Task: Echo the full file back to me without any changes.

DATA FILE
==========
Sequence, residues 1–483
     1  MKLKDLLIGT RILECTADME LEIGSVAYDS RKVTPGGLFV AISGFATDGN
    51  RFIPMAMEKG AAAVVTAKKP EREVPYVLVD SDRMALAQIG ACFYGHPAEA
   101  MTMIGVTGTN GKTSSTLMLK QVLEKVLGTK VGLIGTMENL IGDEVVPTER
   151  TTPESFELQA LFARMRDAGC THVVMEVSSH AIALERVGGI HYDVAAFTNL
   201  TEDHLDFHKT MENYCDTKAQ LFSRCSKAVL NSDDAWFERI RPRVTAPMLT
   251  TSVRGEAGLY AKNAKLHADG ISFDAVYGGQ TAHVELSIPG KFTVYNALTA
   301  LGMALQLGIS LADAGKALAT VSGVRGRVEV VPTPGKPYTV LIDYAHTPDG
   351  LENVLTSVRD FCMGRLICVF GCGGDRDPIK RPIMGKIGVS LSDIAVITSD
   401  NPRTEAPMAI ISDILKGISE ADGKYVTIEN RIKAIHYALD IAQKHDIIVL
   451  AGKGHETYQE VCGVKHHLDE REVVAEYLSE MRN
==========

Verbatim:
Sequence, residues 1–483
     1  MKLKDLLIGT RILECTADME LEIGSVAYDS RKVTPGGLFV AISGFATDGN
    51  RFIPMAMEKG AAAVVTAKKP EREVPYVLVD SDRMALAQIG ACFYGHPAEA
   101  MTMIGVTGTN GKTSSTLMLK QVLEKVLGTK VGLIGTMENL IGDEVVPTER
   151  TTPESFELQA LFARMRDAGC THVVMEVSSH AIALERVGGI HYDVAAFTNL
   201  TEDHLDFHKT MENYCDTKAQ LFSRCSKAVL NSDDAWFERI RPRVTAPMLT
   251  TSVRGEAGLY AKNAKLHADG ISFDAVYGGQ TAHVELSIPG KFTVYNALTA
   301  LGMALQLGIS LADAGKALAT VSGVRGRVEV VPTPGKPYTV LIDYAHTPDG
   351  LENVLTSVRD FCMGRLICVF GCGGDRDPIK RPIMGKIGVS LSDIAVITSD
   401  NPRTEAPMAI ISDILKGISE ADGKYVTIEN RIKAIHYALD IAQKHDIIVL
   451  AGKGHETYQE VCGVKHHLDE REVVAEYLSE MRN